A Look at the Cyber Criminal Marketplace
The dark web houses the equivalent of a cyber criminal candy store, and it remains open for business through the global COVID-19 pandemic. Cybersecurity firm Armor just released its annual examination of trends in the seedy underbelly of the Internet, finding that prices remain largely steady or have fallen slightly for some products while the offerings continue to evolve.
“Today, the underground economy, comprised of stolen credentials, malicious software, bullet-proof hosting, tools for financial fraud, and more, continues to grow across hundreds of dark web markets, some claiming to have as many as 1 million monthly visitors" according to 2020 Dark Market Report: The New Economy. "These markets are key drivers in the adoption of cryptocurrency and encrypted messaging—technologies with enormous potential that also challenge our notions of money and privacy.”
Front and center in the report is a two-page price list. Want a cloned ATM card? You’ll pay based on the balance in the account: $300 to $450 for a balance of $5,000; $850 - $1,000 for a balance of $15,000. Need to pick up some ransomware? The market for what the report labels “various generic ransomware” is $1.99 to $6.50. Looking to hire someone to launch a denial-of-service attack on a medium-sized website? Be prepared to shell out the hefty sum of $250.
The report noted two categories in particular in which prices fell compared to the 2019 report. Remote Desktop Protocol (RDP) service enables users to log into office computers from remote locations and allows IT staff to access staff computers. A criminal hacker tool searches for open, internet-facing servers running an RDP service and uses “a brute force, password spray attack” to try to obtain working credentials. The cost of RDP credentials fell as much as 25 percent, from $20 to $24 in 2019 to $16 to $25 in 2020—and the report noted a marked increase in the number of sellers. An article from ZDNet posits that the price reduction may be directly relatable to an increase in remote work due to the COVID-19 pandemic.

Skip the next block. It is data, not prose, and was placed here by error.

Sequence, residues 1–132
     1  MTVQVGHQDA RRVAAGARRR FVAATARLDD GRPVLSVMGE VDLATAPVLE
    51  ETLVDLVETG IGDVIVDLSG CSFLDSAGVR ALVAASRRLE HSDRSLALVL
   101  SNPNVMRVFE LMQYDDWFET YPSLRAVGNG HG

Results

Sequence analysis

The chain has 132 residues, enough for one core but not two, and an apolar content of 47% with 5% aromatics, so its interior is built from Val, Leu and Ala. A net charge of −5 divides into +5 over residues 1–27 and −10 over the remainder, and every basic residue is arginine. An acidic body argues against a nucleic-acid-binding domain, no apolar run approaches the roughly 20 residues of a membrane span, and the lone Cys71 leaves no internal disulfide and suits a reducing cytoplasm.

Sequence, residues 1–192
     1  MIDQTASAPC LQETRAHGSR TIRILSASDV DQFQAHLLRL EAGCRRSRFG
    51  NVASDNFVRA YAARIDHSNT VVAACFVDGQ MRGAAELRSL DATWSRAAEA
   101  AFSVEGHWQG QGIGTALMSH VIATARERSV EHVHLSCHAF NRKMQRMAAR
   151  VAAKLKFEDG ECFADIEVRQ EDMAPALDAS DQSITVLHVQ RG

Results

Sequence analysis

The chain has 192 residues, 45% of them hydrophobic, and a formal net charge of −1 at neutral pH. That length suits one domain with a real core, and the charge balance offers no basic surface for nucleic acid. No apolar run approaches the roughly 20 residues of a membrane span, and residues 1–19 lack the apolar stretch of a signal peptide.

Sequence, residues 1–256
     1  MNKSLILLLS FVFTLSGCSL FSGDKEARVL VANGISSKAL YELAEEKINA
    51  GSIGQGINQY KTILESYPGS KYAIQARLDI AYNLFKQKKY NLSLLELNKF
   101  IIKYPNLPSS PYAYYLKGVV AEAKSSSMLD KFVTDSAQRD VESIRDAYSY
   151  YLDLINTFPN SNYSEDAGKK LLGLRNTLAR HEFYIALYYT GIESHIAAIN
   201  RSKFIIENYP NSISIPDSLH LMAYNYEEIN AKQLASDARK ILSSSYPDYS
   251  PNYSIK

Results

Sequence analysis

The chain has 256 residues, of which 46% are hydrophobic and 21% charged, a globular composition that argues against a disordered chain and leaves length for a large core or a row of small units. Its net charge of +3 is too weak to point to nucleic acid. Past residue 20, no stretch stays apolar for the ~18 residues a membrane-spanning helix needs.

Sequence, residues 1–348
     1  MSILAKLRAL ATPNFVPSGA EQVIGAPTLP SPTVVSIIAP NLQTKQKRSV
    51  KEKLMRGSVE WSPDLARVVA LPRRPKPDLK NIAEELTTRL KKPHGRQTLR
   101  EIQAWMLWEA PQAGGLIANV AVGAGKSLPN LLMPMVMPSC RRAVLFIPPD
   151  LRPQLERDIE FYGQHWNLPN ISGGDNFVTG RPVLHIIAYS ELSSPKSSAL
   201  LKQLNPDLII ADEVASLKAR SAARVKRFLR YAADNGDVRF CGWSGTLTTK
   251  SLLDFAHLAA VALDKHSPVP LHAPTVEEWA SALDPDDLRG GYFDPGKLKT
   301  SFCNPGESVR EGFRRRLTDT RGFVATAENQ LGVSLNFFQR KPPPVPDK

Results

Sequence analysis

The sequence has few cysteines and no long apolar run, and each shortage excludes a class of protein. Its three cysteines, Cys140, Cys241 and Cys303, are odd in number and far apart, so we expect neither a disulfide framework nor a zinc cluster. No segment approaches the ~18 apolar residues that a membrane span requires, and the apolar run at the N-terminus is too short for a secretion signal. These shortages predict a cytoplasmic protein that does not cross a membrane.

The other category seeing a price drop is good old credit card data. This year, prices ranged from $70 to $110 for U.S. cards, falling nearly as much as 20 percent from last year. In Europe, the lowest prices found fell 25 percent, from $120 to $90. The report speculates that the pandemic may be behind this price decline as well, a result of the worldwide economic decline.
Here are two trends the Armor researchers uncovered that you can learn more about in the report:
Ransomware evolves: Late last year, criminals started copying organizational data before encrypting it, giving them additional leverage by threatening to release the data. As if on cue, a headline in yesterday’s Wall Street Journal reads: “Hacker Releases Information on Las Vegas-Area Students After Officials Don’t Pay Ransom.”
Hacker accountability: As the marketplaces evolve, so does the supporting infrastructure. Journalism focused on cyber crime and hackers has emerged, discussing tools and techniques complete with profiles and rankings of hackers and their wares. Banner and text-based ads are, of course, available. There are also exchanges with ratings and validators built into the exchange.
And because I just cannot not write about it, here are two more trends in the report that capture the bizarro nature of hacking and cyber crime:
Compromising ethics: One ethic the report describes is that in some regions, hackers did not sell information that compromised citizens of that region. Russian hackers act this way, as do Ukrainian hackers. The researchers found a marked increase in the violation of this ethic, speculating that the economic decline might be fueling it.
Pizza theft: Criminals are trying to profit off loyalty rewards programs, including those for pizza orders. A medium, two-topping pizza is worth 60 Domino's points in its loyalty rewards program. A hacked Domino’s Pizza account with 60 to 120 points goes for $1.99, according to the report.
October is Cybersecurity Awareness Month, and ASIS has pulled together resources to aid security professionals in this important area. The page includes links to a series of webinars throughout the month, beginning with a free webinar on 1 October on “Cybersecurity: High-end Resources on a Low Budget.”